Diagnostics, Startups

Buoyed by Covid-19 tests, Cue files for IPO 

The San Diego-based company began marketing its first product, a portable Covid-19 test, after receiving an emergency use authorization last year. Now, it’s filing the initial paperwork to go public as it scales up manufacturing. 

Cue Health is filing to go public. The company currently has one authorized Covid-19 test for its portable testing platform that sends results to users’ smartphones. Photo credit: Cue Health

Cue Health, a company developing a portable testing system, is preparing to go public. The San Diego-based company filed paperwork for an IPO with the Securities and Exchange Commission, though it hasn’t yet priced its stock.

Currently, Cue has just one product: its rapid, molecular Covid-19 test. The company began bringing in revenue for the first time last year after getting an emergency use authorization (EUA) for that test. It includes cartridges that can be inserted into a reader device, with results sent to users’ smartphones. In March, it received authorization to offer that test at home and over-the-counter.

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It also won over a $481 million contract from the Department of Defense to provide 6 million test kits and 30,000 readers. The initial deadline for the contract was in March, but that was extended to October. To fulfill the contract, Cue will need to ramp up production to 100,000 Covid-19 tests per day by October 12, according to its prospectus. By the end of August, it was producing a little less than half of that.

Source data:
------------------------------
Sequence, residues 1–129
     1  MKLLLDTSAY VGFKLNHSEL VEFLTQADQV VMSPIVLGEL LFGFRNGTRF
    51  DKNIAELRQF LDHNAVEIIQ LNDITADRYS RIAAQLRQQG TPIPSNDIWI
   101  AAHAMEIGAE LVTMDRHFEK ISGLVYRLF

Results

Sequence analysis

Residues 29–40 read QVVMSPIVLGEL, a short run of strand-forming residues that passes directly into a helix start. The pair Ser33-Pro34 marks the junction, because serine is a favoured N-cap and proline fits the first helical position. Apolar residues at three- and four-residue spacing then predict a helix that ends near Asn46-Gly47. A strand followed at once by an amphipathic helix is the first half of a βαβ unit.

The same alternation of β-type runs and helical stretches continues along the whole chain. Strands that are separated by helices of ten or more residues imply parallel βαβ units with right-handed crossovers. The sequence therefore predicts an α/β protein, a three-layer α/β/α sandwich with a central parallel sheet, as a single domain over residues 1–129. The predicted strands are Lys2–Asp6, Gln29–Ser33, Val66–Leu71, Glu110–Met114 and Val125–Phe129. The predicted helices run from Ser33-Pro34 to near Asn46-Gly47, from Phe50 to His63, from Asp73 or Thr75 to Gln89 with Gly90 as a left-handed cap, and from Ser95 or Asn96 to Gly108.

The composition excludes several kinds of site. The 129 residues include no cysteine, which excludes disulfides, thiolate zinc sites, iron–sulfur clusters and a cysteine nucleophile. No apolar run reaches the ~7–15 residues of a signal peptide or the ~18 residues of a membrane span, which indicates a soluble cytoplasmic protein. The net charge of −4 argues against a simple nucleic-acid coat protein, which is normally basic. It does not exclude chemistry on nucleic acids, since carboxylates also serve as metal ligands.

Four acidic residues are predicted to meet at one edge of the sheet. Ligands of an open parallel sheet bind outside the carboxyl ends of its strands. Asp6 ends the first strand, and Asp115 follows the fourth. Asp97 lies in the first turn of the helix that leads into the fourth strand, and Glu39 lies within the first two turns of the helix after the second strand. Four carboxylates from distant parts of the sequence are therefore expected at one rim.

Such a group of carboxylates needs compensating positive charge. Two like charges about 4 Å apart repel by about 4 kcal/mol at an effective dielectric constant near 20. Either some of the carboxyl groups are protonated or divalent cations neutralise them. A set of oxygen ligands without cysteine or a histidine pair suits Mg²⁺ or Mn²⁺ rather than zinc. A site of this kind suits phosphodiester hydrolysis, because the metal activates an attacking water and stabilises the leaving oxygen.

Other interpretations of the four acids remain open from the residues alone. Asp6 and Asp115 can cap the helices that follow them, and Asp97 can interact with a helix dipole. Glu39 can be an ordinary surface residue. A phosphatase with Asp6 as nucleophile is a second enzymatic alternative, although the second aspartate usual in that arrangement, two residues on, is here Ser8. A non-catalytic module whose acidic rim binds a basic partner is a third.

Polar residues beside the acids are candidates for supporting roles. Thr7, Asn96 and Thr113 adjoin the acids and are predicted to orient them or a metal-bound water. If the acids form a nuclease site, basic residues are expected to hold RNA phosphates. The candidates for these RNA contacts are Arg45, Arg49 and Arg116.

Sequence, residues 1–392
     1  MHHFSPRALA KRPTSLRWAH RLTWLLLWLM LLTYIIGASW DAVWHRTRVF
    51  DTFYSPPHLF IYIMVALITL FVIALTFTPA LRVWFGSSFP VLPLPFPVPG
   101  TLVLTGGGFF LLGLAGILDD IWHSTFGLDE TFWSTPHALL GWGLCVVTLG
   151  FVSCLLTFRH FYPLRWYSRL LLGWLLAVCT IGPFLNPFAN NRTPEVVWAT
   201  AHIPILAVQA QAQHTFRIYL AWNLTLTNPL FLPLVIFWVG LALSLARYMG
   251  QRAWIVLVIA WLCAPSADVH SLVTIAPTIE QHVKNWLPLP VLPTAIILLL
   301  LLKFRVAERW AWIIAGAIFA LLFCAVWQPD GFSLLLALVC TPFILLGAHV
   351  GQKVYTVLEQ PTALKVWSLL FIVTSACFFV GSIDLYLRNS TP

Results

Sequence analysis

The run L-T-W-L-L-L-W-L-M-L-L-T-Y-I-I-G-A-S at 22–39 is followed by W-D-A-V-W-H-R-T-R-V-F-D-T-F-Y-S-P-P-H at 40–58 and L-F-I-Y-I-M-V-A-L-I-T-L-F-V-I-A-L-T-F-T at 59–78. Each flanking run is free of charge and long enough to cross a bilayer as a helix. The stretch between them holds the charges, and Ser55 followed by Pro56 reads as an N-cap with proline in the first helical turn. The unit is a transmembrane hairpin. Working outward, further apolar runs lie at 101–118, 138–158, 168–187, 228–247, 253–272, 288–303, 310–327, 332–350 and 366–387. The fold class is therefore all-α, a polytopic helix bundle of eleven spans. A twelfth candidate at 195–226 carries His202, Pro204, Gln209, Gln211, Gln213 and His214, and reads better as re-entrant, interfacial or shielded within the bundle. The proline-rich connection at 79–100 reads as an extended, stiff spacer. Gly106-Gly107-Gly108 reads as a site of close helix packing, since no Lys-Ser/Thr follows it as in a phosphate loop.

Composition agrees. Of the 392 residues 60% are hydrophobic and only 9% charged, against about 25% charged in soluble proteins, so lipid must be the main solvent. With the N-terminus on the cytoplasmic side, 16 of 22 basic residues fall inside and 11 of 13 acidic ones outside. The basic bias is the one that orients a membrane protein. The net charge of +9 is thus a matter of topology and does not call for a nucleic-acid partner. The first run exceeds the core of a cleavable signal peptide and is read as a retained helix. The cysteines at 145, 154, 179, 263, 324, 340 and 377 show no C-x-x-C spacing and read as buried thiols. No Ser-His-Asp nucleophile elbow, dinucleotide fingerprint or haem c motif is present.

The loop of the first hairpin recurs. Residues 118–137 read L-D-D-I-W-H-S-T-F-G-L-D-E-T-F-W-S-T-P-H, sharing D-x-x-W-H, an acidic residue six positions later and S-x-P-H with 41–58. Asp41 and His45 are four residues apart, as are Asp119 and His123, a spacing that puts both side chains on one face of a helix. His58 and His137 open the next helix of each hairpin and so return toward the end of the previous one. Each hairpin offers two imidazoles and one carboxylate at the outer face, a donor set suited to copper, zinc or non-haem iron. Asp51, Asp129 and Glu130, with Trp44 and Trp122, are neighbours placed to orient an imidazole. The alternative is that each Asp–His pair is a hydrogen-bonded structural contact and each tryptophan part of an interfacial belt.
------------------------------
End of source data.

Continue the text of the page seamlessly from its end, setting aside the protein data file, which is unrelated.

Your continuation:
By far, the DoD contract makes up most of Cue’s business. In the first half of 2021, the company brought in $201.9 million in revenue, 83% of which was from public sector entities, according to the filing.

But that’s still a lot more than last year, when it made a little over $15 million for the entire year.

The company also reported $32.8 million in net income in the first half of 2021, compared to a $47.4 million net loss in 2020. It currently has $77.6 million in debt.

Since all of Cue’s revenue currently stems from its Covid-19 tests, an important next step for the company will be getting FDA 510(k) clearance. To do that, it would need to conduct studies with a larger enrollment and more Covid-19 positive cases, according to the filing.

Cue also has five other tests in late-stage development. Before the pandemic, it had been developing an at-home flu test, and had launched a clinical trial in early 2020. But it stopped the study after enrollment was hindered by Covid-19.

Cue said it plans to resume the study later this year, with the goal of completing it next spring. It also plans to seek an EUA for a combined Influenza A/B and Covid-19 test.

Some other tests that are in late-stage development include RSV, fertility, pregnancy and inflammation, though Cue has not yet begun trials for these.

When it goes public, Cue will trade on the Nasdaq under the stock ticker “HLTH.”